In a highly stratified society, differences in social status could impact who certain individuals feel empathetic toward, and to what degree. It is possible that, within a workplace, individuals may be more capable of empathy when it is directed toward those who work under them than those who have authority over them. Information like this could affect how workplaces and communities are best structured in order to lead to the most supportive environment possible. 

Traditionally, empathy is seen as a static trait. Empathy is often described as if it were an immovable part of a person’s personality-- people are described as more or less empathetic in a very concrete way, one that seems to imply that empathy is independent of outside considerations. Recent research, though, paints a broader picture of the experience of empathy. Empathy may be much more reliant on things like medication or social status than has ever been suspected in the past. Knowing what factors influence the way that or the degree to which empathy is experienced in the face of observed trauma could be critical to the mission of creating and protecting a cohesive human society.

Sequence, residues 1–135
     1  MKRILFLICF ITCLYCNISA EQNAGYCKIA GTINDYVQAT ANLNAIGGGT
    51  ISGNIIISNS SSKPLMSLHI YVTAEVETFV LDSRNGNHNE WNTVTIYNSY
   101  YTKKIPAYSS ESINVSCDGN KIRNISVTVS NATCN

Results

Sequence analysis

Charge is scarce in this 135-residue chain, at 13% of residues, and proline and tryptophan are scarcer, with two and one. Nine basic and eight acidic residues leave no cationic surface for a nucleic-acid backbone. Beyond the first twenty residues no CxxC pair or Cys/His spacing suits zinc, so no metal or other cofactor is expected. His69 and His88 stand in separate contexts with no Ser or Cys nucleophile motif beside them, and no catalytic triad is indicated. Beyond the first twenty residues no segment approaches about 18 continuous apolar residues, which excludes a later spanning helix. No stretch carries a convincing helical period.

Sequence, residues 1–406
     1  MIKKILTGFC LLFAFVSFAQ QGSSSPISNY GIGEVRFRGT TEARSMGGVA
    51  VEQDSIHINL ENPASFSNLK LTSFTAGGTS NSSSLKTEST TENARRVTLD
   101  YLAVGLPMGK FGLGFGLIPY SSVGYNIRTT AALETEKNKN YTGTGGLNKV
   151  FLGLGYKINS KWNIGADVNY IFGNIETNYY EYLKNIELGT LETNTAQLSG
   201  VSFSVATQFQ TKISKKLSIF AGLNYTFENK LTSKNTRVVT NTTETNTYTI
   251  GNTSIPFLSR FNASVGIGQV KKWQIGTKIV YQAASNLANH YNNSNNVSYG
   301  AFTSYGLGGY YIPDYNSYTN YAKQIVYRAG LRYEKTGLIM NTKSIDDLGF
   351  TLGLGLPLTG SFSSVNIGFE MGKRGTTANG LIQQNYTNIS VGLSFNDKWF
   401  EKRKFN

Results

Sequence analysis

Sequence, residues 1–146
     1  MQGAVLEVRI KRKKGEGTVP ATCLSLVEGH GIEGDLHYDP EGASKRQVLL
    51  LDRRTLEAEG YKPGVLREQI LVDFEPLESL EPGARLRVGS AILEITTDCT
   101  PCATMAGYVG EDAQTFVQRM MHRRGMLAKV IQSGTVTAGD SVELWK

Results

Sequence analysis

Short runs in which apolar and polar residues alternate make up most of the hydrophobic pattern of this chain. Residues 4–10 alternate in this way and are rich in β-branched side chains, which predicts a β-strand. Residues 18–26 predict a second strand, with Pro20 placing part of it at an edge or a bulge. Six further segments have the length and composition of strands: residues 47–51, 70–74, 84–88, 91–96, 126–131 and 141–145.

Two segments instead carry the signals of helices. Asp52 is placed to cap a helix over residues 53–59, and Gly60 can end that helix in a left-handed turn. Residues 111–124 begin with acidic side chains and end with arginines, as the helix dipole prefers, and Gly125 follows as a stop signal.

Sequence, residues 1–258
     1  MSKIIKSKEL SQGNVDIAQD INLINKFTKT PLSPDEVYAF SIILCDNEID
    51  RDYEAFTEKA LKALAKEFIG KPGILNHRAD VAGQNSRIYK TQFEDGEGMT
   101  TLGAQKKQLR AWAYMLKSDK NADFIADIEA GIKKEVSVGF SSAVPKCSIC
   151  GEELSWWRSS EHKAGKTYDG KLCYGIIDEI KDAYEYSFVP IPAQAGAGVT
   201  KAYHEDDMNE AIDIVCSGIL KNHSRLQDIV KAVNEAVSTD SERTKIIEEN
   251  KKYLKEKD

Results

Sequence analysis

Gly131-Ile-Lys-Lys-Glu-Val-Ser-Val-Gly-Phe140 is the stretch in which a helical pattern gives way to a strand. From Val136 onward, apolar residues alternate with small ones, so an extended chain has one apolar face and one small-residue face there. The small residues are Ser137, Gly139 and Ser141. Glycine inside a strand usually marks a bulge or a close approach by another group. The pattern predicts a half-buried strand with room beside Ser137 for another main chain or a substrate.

[1] Hacker, T. (2013) Building empathy builds society. In The Seattle Times. Retrieved from: 
[2] Rütgen, M., Seidel, E., Silani, G.,, Riecankský, I., Hummer, A., Windischberger, C., Petrovic, P., Lamm, C. (2015) Placebo analgesia and its opioidergic regulation suggest that empathy for pain is grounded in self pain. Proceedings of the National Academy of Sciences of the United States of America, 112(41). Retrieved from:
[3] Injury Prevention & Control: Prescription Drug Overdose. (2015) In Centers for Disease Control and Prevention. Retrieved from:
[4] Feng, C., Feng, X., Wang, L., Tian, T., Li, Z., Luo, Y. (2015). Social hierarchy modulates neural responses of empathy for pain. Social Cognitive and Affective Neuroscience, 10(11). Retrieved from: